ALBUQUERQUE, N.M.—U.S. prosecutors will not seek the death penalty against four adults who lived at a New Mexico compound where authorities found the remains of a toddler who was reported missing in Georgia, court documents say.
The two men and two women are charged with kidnapping the boy, who authorities say suffered from seizures that went untreated because a leader of the group believed medicine suppressed Muslim beliefs.
— FOX 5 Atlanta (@FOX5Atlanta) April 4, 2019
They could have faced the potential of the death penalty if convicted of abducting 3-year-old Abdul-Ghani Wahhaj because authorities say it resulted in his death.
But prosecutors said in a filing ahead of a court hearing on April 3 in Albuquerque that they would not seek capital punishment against Jany Leveille, Hujrah Wahhaj, Subhana Wahhaj, and Lucas Morton.
They are all members of an extended family, and traveled from Georgia to New Mexico in late 2017 with their children, the now-deceased child, and his father, authorities say.
A search for the missing boy led authorities in August to raid the group’s compound along a remote stretch of desert north of Taos, where they found 11 malnourished children, guns, ammunition, a firing range and the remains of Abdul-Ghani.
The boy’s father, Siraj Ibn Wahhaj, who also was arrested at the compound, was not charged in his son’s abduction. U.S. law generally does not allow authorities to charge parents with kidnapping their own children, except in international cases.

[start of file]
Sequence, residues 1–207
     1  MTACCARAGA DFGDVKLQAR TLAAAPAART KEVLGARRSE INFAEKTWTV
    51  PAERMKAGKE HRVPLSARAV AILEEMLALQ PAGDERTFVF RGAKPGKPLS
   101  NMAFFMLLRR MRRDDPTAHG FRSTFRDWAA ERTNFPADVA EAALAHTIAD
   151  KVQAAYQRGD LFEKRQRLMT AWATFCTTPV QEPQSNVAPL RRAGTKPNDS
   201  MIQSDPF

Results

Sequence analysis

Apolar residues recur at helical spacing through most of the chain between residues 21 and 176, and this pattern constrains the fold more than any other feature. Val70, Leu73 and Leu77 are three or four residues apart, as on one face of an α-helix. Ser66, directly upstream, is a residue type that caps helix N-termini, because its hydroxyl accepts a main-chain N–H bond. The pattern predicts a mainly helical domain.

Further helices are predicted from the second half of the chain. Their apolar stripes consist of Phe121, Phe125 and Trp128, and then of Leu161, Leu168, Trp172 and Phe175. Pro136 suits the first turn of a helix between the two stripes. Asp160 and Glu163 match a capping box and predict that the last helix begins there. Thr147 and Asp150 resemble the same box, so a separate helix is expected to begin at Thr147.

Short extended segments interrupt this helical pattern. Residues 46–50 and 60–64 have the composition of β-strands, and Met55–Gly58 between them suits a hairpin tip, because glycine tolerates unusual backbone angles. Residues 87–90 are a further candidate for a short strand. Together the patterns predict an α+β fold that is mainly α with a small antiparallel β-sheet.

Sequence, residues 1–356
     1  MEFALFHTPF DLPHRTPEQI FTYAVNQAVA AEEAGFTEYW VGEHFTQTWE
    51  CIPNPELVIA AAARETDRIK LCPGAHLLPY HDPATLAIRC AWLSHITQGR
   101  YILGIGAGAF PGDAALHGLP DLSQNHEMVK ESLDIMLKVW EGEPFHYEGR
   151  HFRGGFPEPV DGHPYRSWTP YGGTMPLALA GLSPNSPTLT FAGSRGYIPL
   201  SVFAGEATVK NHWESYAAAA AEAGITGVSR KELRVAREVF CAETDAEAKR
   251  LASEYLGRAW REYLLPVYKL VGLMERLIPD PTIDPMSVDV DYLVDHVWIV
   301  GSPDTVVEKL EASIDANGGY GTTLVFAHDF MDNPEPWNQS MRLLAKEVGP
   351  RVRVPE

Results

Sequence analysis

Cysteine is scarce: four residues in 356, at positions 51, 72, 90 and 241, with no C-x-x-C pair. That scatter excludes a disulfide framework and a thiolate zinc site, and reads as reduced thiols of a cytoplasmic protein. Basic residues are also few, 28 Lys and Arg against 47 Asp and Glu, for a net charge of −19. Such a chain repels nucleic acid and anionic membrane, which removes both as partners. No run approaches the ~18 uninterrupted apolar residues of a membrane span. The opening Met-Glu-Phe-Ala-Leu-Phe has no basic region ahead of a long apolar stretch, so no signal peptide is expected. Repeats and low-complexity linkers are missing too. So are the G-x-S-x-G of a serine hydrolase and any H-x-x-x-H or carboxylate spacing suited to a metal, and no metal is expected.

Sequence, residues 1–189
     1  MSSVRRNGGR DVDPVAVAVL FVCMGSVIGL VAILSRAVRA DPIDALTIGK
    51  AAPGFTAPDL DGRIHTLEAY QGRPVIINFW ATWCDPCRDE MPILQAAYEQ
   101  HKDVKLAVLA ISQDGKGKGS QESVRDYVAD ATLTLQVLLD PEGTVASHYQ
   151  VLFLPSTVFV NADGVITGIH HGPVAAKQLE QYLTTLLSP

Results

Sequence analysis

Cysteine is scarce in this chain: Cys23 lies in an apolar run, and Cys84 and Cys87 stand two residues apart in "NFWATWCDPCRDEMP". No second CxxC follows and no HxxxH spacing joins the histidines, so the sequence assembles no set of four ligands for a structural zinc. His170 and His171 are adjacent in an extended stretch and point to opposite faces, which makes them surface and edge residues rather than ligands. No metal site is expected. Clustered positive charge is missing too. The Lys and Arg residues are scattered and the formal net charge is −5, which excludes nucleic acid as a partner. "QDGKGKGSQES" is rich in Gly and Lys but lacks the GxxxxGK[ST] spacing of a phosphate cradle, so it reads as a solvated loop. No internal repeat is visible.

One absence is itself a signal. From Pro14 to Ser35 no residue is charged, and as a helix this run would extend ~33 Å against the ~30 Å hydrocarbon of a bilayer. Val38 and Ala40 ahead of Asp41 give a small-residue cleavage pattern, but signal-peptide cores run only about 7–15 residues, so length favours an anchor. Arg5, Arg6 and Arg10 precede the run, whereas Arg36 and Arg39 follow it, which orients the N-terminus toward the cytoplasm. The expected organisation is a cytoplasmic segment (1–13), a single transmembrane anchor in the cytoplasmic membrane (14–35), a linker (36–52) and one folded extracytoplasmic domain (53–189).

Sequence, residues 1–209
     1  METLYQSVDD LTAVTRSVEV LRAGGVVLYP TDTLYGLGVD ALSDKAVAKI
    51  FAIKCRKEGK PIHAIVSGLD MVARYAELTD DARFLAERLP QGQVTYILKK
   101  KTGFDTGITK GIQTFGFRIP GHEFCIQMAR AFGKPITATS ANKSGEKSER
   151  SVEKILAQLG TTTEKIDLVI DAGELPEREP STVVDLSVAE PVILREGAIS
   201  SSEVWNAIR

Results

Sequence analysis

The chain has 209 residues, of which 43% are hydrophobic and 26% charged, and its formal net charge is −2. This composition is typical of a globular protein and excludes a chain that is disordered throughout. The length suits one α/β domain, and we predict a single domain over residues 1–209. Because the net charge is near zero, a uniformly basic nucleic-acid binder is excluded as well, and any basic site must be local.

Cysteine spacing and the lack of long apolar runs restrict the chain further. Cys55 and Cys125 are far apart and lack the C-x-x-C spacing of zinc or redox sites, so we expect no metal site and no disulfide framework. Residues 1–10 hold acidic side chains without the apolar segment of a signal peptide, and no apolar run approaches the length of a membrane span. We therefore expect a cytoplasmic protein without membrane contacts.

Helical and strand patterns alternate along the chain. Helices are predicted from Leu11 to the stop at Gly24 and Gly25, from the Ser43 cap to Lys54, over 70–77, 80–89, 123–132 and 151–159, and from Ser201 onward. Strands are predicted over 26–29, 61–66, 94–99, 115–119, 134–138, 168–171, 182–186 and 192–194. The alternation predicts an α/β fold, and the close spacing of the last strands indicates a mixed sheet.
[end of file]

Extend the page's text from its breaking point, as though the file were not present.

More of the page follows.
All five suspects also are facing terrorism-related charges amid accusations they conspired to support planned attacks on U.S. law enforcement officers and other government employees.
They have pleaded not guilty to all charges and remain in federal custody. The group’s attorneys say the five are innocent of the charges.
Federal prosecutor George Kraehe said in court Wednesday that prosecutors were still reviewing cellphone records and thousands of emails for any additional evidence. The case is scheduled to go to trial next year.
The group had traveled in late 2017 from Georgia to New Mexico, where they built their compound in an area dotted with some of the region’s signature “earthship” self-built homes.
The group’s makeshift settlement had consisted of a camping trailer wedged into the desert and surrounded by stacked tires before authorities raided it and found 11 hungry children, guns and ammunition, a firing range. They also found the remains of 3-year-old Abdul-Ghani Wahhaj.
By Mary Hudetz